(6a) Electrochemical Energy Transformation Processes: An Atomistic Perspective

Authors: 
Chen, L. D., SUNCAT Center for Interface Science and Catalysis, Stanford University and SLAC National Accelerator Laboratory

Research Interests:

The upward trend in worldwide energy demand, combined with
an increasingly urgent need to attenuate climate change, drives the search for
renewable sources of energy. To this end, electrochemical energy conversion is
a powerful technique that connects chemical energy (which serves as storage) to
electrical energy, currency we can spend on a desired process. As an example of
energy up-conversion, electrochemical CO2 reduction is attractive
because it potentially decreases atmospheric CO2 concentrations
while providing a carbon-neutral means to generate liquid fuels and fine
chemicals. On the side of energy down-conversion and to
prevent further large-scale
CO2 emissions, metal-air batteries are promising for electrifying
transportation.

Graphic.pdf

Yet even today, these energy transformation
processes generally
have low efficiencies. Pinpointing the source of these inefficiencies requires a
detailed understanding of the stepwise mechanisms, which is where density
functional theory (DFT) has been instrumental in providing insight. As illustrated
by the graphic, my PhD work has three distinct yet interconnected topics with a
central theme on studying these electrochemical
energy transformation processes from an atomistic perspective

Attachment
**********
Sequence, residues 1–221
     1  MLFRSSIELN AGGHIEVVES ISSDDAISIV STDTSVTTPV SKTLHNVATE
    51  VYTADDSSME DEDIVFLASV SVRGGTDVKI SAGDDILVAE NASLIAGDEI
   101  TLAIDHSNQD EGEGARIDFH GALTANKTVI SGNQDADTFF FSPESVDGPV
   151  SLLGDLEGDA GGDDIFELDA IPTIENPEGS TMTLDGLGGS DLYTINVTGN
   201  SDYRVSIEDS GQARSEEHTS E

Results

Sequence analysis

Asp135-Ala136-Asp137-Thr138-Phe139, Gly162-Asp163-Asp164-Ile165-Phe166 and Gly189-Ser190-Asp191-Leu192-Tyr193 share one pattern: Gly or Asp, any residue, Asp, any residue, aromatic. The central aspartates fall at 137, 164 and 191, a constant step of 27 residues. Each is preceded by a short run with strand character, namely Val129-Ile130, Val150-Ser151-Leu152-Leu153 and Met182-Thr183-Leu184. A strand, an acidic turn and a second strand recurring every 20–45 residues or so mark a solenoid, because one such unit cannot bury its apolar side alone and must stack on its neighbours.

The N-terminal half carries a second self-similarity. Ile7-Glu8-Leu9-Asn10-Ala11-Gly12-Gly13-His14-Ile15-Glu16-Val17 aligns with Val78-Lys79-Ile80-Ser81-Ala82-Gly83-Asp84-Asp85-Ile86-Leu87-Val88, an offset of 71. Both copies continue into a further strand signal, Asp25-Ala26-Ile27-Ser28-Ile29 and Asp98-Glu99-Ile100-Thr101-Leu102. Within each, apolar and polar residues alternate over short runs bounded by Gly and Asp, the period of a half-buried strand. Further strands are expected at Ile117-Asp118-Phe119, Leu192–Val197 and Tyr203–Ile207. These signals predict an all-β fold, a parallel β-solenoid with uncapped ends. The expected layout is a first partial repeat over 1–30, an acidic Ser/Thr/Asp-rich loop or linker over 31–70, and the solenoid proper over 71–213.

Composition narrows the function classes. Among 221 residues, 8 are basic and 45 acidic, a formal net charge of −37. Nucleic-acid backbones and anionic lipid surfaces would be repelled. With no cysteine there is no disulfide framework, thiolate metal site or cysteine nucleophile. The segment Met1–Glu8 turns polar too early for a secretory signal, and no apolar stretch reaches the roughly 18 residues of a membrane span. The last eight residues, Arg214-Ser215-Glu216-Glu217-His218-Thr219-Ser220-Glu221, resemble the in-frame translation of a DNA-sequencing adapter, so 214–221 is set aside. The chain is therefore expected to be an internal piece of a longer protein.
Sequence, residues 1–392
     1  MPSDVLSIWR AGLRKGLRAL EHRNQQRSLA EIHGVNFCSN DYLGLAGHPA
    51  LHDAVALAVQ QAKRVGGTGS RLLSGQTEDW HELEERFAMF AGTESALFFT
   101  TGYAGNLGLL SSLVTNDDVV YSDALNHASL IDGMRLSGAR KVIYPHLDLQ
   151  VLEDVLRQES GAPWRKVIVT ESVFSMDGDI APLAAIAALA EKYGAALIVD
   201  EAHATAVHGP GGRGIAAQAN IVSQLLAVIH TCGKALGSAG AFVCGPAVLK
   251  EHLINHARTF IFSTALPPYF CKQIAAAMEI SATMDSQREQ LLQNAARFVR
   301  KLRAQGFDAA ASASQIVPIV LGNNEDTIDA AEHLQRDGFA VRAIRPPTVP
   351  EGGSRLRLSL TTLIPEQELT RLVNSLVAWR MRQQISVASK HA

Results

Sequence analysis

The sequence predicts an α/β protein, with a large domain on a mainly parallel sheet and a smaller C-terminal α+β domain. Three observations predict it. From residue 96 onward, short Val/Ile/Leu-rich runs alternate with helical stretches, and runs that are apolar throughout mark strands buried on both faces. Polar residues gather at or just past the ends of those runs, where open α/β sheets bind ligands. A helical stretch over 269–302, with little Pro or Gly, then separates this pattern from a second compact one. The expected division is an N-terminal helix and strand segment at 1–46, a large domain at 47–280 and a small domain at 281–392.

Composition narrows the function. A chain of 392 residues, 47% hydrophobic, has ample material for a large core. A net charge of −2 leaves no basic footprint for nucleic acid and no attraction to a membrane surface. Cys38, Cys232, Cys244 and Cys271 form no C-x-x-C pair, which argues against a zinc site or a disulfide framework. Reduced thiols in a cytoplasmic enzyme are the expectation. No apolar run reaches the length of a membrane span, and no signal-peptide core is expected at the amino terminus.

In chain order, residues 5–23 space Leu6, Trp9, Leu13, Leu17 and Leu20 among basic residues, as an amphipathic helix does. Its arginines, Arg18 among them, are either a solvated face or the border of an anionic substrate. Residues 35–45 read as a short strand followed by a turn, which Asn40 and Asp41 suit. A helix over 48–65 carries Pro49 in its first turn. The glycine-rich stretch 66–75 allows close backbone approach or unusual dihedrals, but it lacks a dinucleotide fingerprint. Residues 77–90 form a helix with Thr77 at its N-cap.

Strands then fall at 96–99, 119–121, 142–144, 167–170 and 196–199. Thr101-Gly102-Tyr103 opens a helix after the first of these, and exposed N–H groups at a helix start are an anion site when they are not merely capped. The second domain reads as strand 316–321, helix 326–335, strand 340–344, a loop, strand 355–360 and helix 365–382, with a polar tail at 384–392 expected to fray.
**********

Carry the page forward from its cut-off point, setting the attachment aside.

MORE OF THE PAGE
:

(1) Anodic
dissolution in metal-air batteries where electrical energy is the output:
with DFT, I was able to
elucidate the fundamental limitations on total energy output in the anodic
dissolution of Al and Mg in aqueous electrolytes.

(2) Electrochemical
CO2 reduction where electrical energy is the input:
I demonstrated how including
the effects of electric field (in addition to potential alone) in the DFT model
can significantly alter the free energy landscape of a catalytic process.

(3) The
electrochemical interface, an indispensable component of these energy
transformation processes:
I
have made progress in describing charged species at the outer Helmholtz plane and
their implications on reaction energetics with DFT.

Teaching Interests:

Sharing knowledge and communicating effectively is very
important to me as a scholar. In my graduate career, I have served as a
Teaching Assistant (TA) for three different undergraduate courses: Organic
Chemistry Laboratory, Organic Mechanisms Lecture, and Biochemistry. The most
valuable undergraduate teaching experience for me came from the Organic Mechanisms
Lecture course, for which I led two-hour discussions twice a week. Preparation
was key for these sessions to engage my students in group problem-solving and fruitful
discussions. I read up on the course material as thoroughly as possible to
answer probing questions from my students.

I also served as a TA in a graduate course on Molecular
Modeling. Here, the challenge came in the form of creating problem sets with
the appropriate level of scope and difficulty for students who only had one
fewer year of experience. This required some independent work on my part
searching through textbooks and online resources for inspiration to problems that
would be both in-line with the course content and interesting.

Proposal Experience:

Multidisciplinary University Research Initiatives (MURI)
Program 2015

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